How to Cut Back on Waste and Waists

(The Washington Post) -

Healthful-eating columnist and dietitian Ellie Krieger answered questions recently.

Q: I store produce in Tupperware with a vent, or in green bags. I feel like I don’t use it all quickly enough and waste a lot. It’s just me and my husband, who does not eat as healthfully. How can we cut waste without going shopping too frequently?

A: No one wants to see good food go to waste! When it comes to greens, I find they last longest when I wash them and dry them very well, then wrap them in a slightly damp paper towel before placing them in a bag. Other produce will last longer if you wait to wash and cut it until just before use. Also, do not rule out frozen produce (without added seasonings or sweeteners). It has comparable nutrition to fresh, and means you can always have produce at your fingertips even if you haven’t been able to get to the market. Frozen spinach, peas, corn, berries and mango are staples in my home.

Q: When Martha Stewart prepared a duck breast recently, she mentioned that it was in many ways as healthful as a chicken breast. I can’t remember the details of how she explained it. What is your take on this?

A: Chicken breast offers you more protein for fewer calories and less saturated fat than chicken thigh or duck. It is fine to eat chicken thigh and duck once in a while — they are delicious, of course, and also have high-quality protein and even more minerals than chicken breast. But they are higher in calories and saturated fat, so it is best to keep portions on the small side.

Q: I would love it if you could do a column (or series) on what constitutes healthful and unhealthful fat in our diets in light of recent research. I am unclear what I should be looking for when deciding what to incorporate into my diet. I would love your nutritionist’s view.

A: Keep in mind that most of us should be trying to get more monounsaturated fat (avocado and olive oil and nuts) and omega-3s (from fish). But if you add those fats, think about what to swap out (refined sugars and refined flours), since you also want to keep calories in check.

Q: I know processed wheat is a no-no, but what about whole-grain?

A: Whole-grain wheat offers tremendous benefits: B vitamins, minerals, antioxidants and fiber, for example. Plus, it is satisfying and tasty. I especially love farro, which is an ancient grain variety. I use it in salads and as a bed for stews. I also enjoy wheat berries and love a hearty, whole-grain bread. As with any food, keep portions in mind. One or two slices of bread or half a cup to a cup farro is a sensible portion range for a meal.

Q: My children are such big fans of sloppy Joes and tacos, but I am trying to use less meat now both for health and spending. Is there a good way to make this type of food without meat?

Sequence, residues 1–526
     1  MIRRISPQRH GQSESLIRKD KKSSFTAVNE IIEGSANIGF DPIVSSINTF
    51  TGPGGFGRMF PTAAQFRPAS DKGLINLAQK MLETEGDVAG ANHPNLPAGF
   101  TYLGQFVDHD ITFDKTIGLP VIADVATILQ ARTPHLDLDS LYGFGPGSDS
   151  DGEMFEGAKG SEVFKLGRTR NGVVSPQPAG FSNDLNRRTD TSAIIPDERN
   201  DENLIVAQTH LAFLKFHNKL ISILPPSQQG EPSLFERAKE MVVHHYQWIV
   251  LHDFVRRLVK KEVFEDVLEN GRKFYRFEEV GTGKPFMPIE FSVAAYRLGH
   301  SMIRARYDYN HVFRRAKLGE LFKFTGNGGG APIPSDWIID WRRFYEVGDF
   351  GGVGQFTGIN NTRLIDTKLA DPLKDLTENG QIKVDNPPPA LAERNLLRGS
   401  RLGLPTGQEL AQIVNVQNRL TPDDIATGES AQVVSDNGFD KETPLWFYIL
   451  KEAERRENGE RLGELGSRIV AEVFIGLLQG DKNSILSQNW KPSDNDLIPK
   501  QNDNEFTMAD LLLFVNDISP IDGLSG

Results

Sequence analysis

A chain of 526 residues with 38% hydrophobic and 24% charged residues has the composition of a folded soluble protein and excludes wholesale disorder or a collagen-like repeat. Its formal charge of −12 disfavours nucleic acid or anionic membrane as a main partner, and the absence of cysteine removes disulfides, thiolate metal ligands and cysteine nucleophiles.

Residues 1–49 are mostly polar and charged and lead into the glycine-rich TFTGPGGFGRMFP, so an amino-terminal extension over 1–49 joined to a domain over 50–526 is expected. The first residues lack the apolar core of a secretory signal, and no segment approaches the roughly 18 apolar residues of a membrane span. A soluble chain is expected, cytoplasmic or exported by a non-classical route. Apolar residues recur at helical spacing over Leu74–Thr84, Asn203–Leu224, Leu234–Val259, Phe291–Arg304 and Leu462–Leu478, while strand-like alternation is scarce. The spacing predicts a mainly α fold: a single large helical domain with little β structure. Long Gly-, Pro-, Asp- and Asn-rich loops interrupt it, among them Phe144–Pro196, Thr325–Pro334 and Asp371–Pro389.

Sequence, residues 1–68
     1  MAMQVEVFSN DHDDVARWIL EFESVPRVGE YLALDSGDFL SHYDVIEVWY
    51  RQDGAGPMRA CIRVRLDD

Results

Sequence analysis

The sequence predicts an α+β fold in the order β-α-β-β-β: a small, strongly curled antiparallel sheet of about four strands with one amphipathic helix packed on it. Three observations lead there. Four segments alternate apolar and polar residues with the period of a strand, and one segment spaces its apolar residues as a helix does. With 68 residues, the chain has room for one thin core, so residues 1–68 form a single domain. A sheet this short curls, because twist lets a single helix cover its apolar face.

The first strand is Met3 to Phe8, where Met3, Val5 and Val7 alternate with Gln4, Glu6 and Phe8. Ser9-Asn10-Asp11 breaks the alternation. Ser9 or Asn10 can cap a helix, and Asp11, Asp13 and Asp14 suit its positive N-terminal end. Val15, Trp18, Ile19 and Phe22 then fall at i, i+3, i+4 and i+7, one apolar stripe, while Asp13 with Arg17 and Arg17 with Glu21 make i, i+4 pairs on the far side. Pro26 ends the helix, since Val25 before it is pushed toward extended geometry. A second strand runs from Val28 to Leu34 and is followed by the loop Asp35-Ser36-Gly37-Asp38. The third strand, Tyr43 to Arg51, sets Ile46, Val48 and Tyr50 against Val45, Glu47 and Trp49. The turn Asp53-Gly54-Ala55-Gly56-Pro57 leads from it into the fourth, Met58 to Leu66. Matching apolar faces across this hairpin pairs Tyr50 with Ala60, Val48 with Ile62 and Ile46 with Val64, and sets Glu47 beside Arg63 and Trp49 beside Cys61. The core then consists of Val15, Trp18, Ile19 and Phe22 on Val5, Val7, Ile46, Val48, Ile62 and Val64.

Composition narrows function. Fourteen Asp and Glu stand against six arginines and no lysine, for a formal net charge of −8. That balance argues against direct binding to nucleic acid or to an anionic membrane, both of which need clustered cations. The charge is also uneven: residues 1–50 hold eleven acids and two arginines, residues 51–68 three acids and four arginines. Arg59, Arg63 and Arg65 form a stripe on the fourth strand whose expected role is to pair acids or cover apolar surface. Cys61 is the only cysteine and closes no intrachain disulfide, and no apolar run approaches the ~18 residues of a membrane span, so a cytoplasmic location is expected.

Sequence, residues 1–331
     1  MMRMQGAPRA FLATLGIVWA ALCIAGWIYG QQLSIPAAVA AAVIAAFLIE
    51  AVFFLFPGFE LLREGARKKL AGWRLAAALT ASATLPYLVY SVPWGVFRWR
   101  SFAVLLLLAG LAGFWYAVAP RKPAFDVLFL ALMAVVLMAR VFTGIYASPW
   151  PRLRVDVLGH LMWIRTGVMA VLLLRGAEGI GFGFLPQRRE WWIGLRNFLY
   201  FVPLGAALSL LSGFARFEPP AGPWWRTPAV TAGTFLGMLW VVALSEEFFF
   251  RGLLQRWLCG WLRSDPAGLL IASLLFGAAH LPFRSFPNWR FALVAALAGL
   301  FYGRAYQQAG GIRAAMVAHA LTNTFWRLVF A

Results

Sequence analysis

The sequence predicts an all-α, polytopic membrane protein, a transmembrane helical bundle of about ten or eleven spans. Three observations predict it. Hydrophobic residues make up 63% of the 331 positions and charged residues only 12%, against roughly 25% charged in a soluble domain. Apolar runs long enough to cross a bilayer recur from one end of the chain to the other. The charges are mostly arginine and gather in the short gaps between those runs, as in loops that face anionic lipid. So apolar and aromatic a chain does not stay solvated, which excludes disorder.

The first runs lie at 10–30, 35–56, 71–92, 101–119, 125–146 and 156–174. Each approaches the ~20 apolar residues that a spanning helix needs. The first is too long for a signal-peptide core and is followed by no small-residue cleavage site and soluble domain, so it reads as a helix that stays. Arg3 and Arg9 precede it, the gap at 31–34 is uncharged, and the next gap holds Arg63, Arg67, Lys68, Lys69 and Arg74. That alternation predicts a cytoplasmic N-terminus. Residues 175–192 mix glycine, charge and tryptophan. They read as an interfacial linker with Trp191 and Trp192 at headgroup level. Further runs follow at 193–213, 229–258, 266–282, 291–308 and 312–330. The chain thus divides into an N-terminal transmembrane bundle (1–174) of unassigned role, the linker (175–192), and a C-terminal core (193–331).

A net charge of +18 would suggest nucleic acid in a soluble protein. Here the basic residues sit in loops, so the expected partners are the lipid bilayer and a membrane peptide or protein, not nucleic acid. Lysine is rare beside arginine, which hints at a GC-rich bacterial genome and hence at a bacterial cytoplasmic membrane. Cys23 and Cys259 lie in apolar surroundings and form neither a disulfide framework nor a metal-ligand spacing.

A: My family is a big fan of sloppy Joes and tacos, too! I like to incorporate chopped sautéed mushrooms and/or beans into my recipes for them so I still use some meat, but up the vegetable factor. You can simply replace a half-pound of the meat in your usual recipe with one drained can of beans or a pound of mushrooms, finely chopped and sautéed. Also remember to use lean ground meat (90 percent lean or higher).

Q: Is there a healthful equivalent to bone broth that is a vegan broth?

A: For those readers who haven’t heard about this craze, bone broth is basically what our grandmothers call stock. Animal bones and sometimes vegetables boiled down to extract all the flavors and minerals and then strained. It is comforting, hydrating, tasty and nutrient-rich. A vegan broth could be made with a variety of vegetables. It wouldn’t give you the same nutrient profile as one made with bones, but it would also be packed with nutrients and flavor.

Q: My 25-year-old nephew loves to work out and is in great shape. However, I’m worried about his diet. He and his [fellow gym enthusiasts] seem to think they need to consume as much protein as possible. Can you recommend the outlines of a sensible diet for active young folks who work out regularly?

A: I know exactly what you are talking about. I have seen guys at my gym order three chicken breasts for lunch — that’s it! A generous amount of protein is important for building muscle, but it doesn’t need to be done at the expense of your health. Getting adequate vitamins, minerals, fiber and antioxidants from a balance of foods (vegetables, fruit, whole grains, nuts, seeds, beans, dairy, healthful fats) will help their athletic performance and appearance, ultimately. One easy step in the right direction is to encourage your nephew to fill half his plate with vegetables and/or whole fruit.

Q: One of my resolutions is to be less lazy about reheating leftovers in a real bowl and not just sticking the plastic container in the microwave. Is it still okay to store it in plastic, though?

A: Yes! That’s fine. To be safe, just toss the container if it gets very scratched up.

Q: My goal this year is to try new (to me) vegetables, and in January, it’s celery root. Any brilliant ideas?

A: Celery root is so delicious and underrated. You can use it very much like you would use a potato or a turnip. For hot dishes, you can peel it, cut it into chunks and cook in stews or soups. Also try steaming it until tender and mashing with a little milk, salt and pepper and a touch of butter, just like mashed potatoes.

Q: How can I calculate a serving size when a recipe shares only the number of servings? Is there an easy way to do this?

A: I know it is not common to get serving sizes on recipes. I provide them for all of mine, and it usually means I have to dump the batch of whatever I have made into a large measuring cup and divide by the number of servings. I have not figured out an easier way that is accurate. If you know the volume of the pot you are using, you could also eyeball the total quantity in the pot and divide it without transferring the whole batch.